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No. of Recommendations: 23
Gabatya,

Thank you for posting. I am going to give you some very direct responses, and I hope you take them correctly.

You every right to expect good performance, but only over time. Not this week, this month, this year. Anything less than 5 years, and I say 3-5 because I give up most of the time to people's impatience, is NOT a measure of investment performance. The financial world SELLS you that you can have it, but you cannot.

Special Ops does not "sell." Even in our marketing materials, my record is accurate and our choice of EnergySolutions a sound one based on potential reward for risk.

The only proven strategies -- over decades (David Swenson's book, Fama and French at Chicago and Dartmouth, and the experience of Graham and early Buffett) -- are low price to book (a form of deep value) and momentum (buying what others buy, sell what they sell). The latter is not proven experientially, because no one knows when the momentum will turn. And all it takes is one big wipeout for you to lose your capital. Ooops! William O'Neill's whole business is built around selling people momentum investing. It is sound in thinking. Can you do it? For a year? For five? And not lose capital permanently? Good luck.

Normally I try to be gracious and supportive with investors who are new and trying to understand. But honestly, in 12 years of being in the member management business, I have never encountered such a hodgepodge of inaccuracies, fuzzy headedness, or complete lack of responsibility for actually spending 10 minutes trying to look around a site to answer.

Ask every buying in Netflix from $200 to $300 how they feel today. And then ask them what they have to see happen at Netflix to outperform the market over the next years. They pay too much for too little reward and too much risk. PROCESS is everything. Results are uncontrollable (except that you can sell, of course).

Let's start.

You are factually wrong in about half these instances. These are facts, not opinions, and I can only assume you have spent no time reading our materials. None. I personally have spent countless hours putting these together, and they answer each and every one of these -- sometimes 5 or 10 times. You have been investing for 40 years. I cannot believe that you have done this and still somehow care whether stocks "move with the market" in a week. It is incomprehensible to me that anyone could pay the slightest attention to this and be profitable over your time -- if this is indeed how you measure yourself.

Of course you see that we are down versus the S&P 500. Have you looked at other TMF services lately? Do you you understand that we are a portfolio service, not a "pick of the month" service? Do you know what means? You say you are "lousy at math." How can you be an investor and be lousy at math? All it takes is elementary school arithmetic. Not algebra or anything beyond that. Are you being sarcastic?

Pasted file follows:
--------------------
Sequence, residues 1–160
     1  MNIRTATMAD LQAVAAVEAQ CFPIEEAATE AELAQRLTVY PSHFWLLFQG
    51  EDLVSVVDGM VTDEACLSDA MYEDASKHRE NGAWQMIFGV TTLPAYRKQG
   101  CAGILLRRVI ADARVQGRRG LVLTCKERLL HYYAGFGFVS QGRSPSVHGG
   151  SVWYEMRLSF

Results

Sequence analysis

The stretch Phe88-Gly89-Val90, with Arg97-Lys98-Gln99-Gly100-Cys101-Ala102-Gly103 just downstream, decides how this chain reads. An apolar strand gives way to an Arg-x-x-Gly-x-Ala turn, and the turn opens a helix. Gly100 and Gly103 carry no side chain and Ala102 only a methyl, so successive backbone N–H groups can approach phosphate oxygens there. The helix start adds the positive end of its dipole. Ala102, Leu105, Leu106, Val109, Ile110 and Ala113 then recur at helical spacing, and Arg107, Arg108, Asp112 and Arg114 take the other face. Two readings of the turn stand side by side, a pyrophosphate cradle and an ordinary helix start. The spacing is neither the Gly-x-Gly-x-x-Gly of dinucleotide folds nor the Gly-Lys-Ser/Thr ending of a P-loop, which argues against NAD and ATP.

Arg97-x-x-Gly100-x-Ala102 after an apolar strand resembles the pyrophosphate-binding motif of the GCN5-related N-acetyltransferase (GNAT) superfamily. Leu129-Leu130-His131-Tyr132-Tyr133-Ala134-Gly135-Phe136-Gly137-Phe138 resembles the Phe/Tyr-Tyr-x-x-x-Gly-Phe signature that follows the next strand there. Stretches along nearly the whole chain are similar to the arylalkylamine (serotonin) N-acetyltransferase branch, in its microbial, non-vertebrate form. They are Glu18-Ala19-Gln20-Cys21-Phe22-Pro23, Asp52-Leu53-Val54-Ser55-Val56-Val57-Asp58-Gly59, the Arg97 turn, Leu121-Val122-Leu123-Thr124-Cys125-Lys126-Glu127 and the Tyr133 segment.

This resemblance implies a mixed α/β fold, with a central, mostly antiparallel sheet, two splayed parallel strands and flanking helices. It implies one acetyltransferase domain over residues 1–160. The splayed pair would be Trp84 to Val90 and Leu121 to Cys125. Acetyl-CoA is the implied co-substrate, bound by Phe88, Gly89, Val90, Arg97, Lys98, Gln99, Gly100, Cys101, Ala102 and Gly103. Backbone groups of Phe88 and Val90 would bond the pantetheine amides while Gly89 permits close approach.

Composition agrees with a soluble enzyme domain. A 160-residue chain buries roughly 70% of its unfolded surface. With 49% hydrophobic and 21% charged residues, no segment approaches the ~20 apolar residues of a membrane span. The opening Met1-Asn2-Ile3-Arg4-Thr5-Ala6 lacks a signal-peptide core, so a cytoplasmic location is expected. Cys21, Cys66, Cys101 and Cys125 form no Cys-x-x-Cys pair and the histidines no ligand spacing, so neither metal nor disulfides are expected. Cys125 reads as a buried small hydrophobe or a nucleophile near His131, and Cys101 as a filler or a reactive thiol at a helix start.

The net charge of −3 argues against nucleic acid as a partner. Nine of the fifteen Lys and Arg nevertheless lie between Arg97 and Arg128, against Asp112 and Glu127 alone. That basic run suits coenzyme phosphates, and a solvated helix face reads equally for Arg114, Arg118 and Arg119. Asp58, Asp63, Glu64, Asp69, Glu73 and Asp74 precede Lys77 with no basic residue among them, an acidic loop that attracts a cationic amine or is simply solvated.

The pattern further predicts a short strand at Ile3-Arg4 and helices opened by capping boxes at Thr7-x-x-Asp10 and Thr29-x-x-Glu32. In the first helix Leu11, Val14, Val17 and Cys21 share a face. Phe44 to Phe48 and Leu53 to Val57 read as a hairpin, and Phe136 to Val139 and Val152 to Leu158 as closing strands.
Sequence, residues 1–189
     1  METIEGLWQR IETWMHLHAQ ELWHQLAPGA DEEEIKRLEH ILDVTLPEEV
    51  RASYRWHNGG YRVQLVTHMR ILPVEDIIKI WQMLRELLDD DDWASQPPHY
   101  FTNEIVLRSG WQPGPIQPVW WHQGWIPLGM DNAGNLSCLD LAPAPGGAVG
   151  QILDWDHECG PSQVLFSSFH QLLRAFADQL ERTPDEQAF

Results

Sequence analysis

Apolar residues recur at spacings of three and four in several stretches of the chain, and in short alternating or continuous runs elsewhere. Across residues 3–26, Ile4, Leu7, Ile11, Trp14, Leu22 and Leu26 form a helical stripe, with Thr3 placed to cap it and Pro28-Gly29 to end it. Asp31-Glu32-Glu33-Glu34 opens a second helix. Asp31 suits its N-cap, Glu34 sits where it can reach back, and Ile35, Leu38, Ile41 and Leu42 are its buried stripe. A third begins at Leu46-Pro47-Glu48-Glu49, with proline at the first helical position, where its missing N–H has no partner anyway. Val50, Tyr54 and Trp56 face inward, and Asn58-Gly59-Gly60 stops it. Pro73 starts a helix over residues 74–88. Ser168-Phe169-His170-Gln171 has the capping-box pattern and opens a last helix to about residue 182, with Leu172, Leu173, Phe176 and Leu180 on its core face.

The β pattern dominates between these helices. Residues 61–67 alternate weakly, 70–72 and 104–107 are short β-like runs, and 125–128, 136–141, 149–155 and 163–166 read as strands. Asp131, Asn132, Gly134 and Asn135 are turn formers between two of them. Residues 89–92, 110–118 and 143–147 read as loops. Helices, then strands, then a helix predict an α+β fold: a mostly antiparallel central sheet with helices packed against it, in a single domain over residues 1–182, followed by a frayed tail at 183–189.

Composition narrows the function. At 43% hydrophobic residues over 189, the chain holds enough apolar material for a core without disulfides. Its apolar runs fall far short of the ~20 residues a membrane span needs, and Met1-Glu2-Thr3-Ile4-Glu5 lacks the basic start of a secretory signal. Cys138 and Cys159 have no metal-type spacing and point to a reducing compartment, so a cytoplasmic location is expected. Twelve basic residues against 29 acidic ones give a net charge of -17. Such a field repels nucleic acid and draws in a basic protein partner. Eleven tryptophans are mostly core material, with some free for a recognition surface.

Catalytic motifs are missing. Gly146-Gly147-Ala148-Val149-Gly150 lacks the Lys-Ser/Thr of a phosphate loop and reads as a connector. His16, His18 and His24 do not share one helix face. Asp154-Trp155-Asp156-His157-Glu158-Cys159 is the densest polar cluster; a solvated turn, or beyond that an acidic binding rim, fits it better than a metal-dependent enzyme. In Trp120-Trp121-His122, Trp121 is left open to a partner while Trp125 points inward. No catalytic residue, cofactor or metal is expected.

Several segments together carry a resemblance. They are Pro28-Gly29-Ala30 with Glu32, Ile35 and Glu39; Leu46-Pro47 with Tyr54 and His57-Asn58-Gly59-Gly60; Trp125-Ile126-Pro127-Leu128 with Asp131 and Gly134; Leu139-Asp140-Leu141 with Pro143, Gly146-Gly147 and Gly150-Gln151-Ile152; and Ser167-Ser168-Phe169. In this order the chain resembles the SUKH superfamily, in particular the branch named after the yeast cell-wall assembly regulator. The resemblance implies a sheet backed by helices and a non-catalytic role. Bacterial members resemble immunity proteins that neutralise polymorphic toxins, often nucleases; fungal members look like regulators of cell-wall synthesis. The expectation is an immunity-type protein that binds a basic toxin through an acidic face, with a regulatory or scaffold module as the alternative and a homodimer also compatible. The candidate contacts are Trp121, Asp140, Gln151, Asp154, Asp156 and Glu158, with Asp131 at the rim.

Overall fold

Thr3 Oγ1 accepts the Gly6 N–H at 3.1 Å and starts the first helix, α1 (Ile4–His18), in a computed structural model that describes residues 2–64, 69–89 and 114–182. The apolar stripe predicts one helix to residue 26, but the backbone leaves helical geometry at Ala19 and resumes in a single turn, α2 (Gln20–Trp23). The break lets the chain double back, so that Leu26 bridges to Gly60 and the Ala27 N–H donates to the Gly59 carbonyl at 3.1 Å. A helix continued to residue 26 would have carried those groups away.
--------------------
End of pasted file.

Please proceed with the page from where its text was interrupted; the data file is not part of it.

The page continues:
You MUST put some effort into finding the answers to your questions and not expect that people will put them in your lap, when they already have. Over and over. I know we live in a world where there is an enormous sense of entitlement, but people also have responsibilities. $1500 does not entitle anyone to do something they do not want nor to not read one iota of what we do.

Now, all that said, and with the same bluntness with which you post, I attempt to answer some of the questions that -- while they completely astonish me -- perhaps can help you for the next 20 or 30 years.

1. "does any one out there look at the special op performance? when are these special situations start to show? Why are all of these recommendations down at all times whether the market is up or down.

Of course members look at performance, and they follow it on their scorecard. Our evaluation of the scorecard data (anonymously as to person, of course) shows that our members do better than we do. Why? Because they buy before we do (after we recommend), and sell before we do (after we recommend). Consider Box Ships. We recommended another 1% last Thursday and the stock has shot up. But we have to buy. We gave up 5 percentage points, more or less.

This is true across all TMF real money portfolio services. It is NOT an excuse, it is a reason.

Also, once our members get experience, many know to wait when a stock pops up on member buying. Markets move up and down, and despite your incomprehensible wish for stocks that move with the market, some know to wait and "buy low." Isn't that the idea? Am I missing something? I have been investing for 34 years. Not quite 40. Perhaps those 6 contain wisdom I missed. While I was doing what a lot of people in the 70s were doing. :-)

2. why each one of them does not have a record to go by.

There is. Go to closed transactions. Draw your own conclusions from performance of each versus S&P 500: http://newsletters.fool.com/52/recommendations/closed.aspx#t...

Then, why, on earth, would we measure each stock by the S&P 500? We manage a portfolio, as you do. Don't you look at all your stocks together for your return? Or do you actually look at each one only and measure it? That makes no sense to me. See your last question.